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How Employees and Entrepreneurs Differ

               When an entrepreneur starts a new business, it involves risk. Risk is
               the chance of losing something. An entrepreneur makes an investment
               of money, time, and energy in the hope of getting greater rewards, or
               benefits. The saying, “No risk, no reward,” relates to this concept.
                   Because employees work for someone else, but entrepreneurs work
               for themselves, entrepreneurs risk more than employees. Employees may
               risk losing a job if they do not perform the job well, but they are paid
               for their work. Entrepreneurs risk not being able to pay themselves if
               business is “slow.” A failed business might also mean losing the money
               the entrepreneur invested into it.

                   The rewards that employees and entrepreneurs get from their work
               can also be different. A reward can involve money, but it can also be
               something such as personal satisfaction or independence. As a business
               owner, an entrepreneur is in control of the money made by his or her
               business. He or she also has the “final say” in all business decisions.
               As a result, entrepreneurs are ultimately responsible for the success or
               failure of their businesses.

                   Consider this example to understand the risks and rewards for an
               entrepreneur vs. her employee. Carla Hernandez decides to start a fruit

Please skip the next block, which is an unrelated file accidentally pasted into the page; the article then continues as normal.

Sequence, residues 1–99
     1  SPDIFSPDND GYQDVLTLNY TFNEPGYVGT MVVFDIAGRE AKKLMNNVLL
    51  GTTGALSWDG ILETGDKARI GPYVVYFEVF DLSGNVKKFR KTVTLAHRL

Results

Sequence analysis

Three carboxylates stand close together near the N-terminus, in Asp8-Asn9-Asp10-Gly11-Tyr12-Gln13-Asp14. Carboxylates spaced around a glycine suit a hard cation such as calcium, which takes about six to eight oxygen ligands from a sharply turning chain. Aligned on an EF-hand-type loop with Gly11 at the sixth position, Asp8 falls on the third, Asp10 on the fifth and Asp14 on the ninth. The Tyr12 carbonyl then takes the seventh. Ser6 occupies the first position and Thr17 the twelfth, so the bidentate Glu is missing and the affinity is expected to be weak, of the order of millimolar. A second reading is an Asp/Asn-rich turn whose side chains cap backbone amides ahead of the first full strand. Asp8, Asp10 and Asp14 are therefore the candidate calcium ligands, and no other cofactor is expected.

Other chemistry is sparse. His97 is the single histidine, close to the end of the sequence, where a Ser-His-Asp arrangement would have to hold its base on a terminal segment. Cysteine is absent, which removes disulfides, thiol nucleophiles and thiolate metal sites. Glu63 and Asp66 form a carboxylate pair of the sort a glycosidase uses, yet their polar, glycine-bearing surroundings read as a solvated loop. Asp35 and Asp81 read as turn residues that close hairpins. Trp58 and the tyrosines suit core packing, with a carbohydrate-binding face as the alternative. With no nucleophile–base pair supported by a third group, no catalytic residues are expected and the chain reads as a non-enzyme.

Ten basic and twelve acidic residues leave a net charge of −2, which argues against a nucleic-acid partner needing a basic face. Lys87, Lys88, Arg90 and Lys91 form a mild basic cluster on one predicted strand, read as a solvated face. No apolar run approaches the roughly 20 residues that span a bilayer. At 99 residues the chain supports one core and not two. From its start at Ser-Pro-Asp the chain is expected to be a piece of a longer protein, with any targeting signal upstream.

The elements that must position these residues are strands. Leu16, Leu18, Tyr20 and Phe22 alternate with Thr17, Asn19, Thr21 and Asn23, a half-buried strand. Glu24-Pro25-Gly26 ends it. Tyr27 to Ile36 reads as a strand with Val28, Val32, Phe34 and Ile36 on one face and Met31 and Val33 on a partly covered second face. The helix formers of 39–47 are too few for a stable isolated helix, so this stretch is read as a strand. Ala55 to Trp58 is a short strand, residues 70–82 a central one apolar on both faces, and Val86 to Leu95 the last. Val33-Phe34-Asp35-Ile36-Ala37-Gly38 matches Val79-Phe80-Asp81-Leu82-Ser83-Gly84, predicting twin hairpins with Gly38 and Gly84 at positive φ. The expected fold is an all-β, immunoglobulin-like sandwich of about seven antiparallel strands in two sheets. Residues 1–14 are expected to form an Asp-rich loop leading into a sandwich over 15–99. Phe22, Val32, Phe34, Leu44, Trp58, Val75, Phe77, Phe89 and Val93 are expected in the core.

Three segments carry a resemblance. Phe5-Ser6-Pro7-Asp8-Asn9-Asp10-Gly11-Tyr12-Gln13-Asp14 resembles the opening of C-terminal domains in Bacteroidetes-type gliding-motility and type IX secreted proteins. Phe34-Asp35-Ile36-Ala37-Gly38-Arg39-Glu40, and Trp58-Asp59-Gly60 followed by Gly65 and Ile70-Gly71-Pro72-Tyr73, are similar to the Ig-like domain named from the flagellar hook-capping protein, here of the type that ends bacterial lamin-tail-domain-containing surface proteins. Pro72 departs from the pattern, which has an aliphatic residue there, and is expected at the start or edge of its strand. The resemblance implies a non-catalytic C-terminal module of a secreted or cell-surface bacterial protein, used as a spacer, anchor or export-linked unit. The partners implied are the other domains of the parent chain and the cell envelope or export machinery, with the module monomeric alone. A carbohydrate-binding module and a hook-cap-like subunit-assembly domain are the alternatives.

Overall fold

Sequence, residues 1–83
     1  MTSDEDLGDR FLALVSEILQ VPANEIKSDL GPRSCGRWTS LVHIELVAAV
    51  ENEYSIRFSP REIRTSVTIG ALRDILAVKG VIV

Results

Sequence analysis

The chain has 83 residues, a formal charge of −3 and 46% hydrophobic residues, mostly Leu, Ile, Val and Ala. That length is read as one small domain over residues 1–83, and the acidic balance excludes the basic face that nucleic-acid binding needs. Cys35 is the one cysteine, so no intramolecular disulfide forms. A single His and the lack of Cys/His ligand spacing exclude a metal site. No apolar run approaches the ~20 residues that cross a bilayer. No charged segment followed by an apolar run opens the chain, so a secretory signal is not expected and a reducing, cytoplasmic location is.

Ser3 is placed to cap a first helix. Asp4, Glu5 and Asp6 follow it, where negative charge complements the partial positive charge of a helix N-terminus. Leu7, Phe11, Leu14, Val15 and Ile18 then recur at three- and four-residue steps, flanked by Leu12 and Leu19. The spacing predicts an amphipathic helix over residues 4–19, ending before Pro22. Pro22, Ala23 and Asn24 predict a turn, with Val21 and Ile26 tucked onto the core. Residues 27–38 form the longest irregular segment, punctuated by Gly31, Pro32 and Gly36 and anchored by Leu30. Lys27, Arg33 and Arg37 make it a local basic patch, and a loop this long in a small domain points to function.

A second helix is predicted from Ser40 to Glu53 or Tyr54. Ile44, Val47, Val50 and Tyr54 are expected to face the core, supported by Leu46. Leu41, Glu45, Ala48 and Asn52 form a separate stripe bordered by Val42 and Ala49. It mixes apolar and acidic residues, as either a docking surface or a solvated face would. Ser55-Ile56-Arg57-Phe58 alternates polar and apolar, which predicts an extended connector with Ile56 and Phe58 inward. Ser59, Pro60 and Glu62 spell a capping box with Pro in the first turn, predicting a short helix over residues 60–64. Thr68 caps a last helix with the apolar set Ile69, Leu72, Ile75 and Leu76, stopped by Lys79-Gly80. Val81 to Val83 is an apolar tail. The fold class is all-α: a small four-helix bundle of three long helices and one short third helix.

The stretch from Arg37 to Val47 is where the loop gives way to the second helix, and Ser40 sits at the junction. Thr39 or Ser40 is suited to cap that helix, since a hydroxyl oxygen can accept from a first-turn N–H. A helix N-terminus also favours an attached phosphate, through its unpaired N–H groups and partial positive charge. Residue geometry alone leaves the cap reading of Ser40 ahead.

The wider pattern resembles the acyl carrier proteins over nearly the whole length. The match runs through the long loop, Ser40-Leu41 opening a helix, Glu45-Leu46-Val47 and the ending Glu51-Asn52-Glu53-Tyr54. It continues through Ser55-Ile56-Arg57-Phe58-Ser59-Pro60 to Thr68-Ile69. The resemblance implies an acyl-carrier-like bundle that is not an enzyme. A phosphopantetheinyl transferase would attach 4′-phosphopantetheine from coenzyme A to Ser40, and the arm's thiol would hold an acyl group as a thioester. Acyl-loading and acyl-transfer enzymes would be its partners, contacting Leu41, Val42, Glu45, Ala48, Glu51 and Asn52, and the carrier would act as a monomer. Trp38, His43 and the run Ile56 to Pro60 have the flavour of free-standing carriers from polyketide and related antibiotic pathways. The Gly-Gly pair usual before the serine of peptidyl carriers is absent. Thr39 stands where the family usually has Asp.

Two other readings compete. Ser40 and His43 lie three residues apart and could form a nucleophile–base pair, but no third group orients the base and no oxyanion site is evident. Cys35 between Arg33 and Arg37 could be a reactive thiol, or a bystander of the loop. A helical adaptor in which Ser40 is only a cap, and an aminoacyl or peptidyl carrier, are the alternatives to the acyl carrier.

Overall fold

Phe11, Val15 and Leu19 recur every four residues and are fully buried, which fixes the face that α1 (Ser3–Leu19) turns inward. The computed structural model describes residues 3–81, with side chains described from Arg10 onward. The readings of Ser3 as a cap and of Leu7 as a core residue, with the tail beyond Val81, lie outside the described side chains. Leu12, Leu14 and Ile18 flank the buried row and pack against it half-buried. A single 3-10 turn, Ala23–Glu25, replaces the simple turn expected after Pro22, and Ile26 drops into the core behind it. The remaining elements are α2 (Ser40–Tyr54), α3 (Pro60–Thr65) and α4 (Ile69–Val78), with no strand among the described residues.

“smoothie” drink shop in her neighborhood. Carla invests a lot of money,
               time, and effort to get the business started. Tony Bertelli, one of her
               employees, creates a new juice combination that Carla decides to put on
               the menu. By doing so, she risks the money spent on ingredients. She
               also risks a drop in sales if customers don’t like the drink. As it turns
               out, the new drink is a great hit with customers, and sales dramatically
               increase. Tony receives a small raise as a reward. Carla will benefit the
               most because she owns the business and took the bigger overall risk.
               Risks involve making choices, and entrepreneurs need to weigh their
               choices carefully to achieve their goals for their businesses.

                                                                                          Figure 1-1
                                                                                      Small Business Owners.
                                                                                      When you own a business, you
                                                                                      are your own boss.

                                                                                      Applying Concepts.
                                                                                      Do you know someone who
                                                                                      owns a “small business” in your
                                                                                      town? Is there a “big business”
                                                                                      that is in competition with

                                                                               Importance of Entrepreneurship   5
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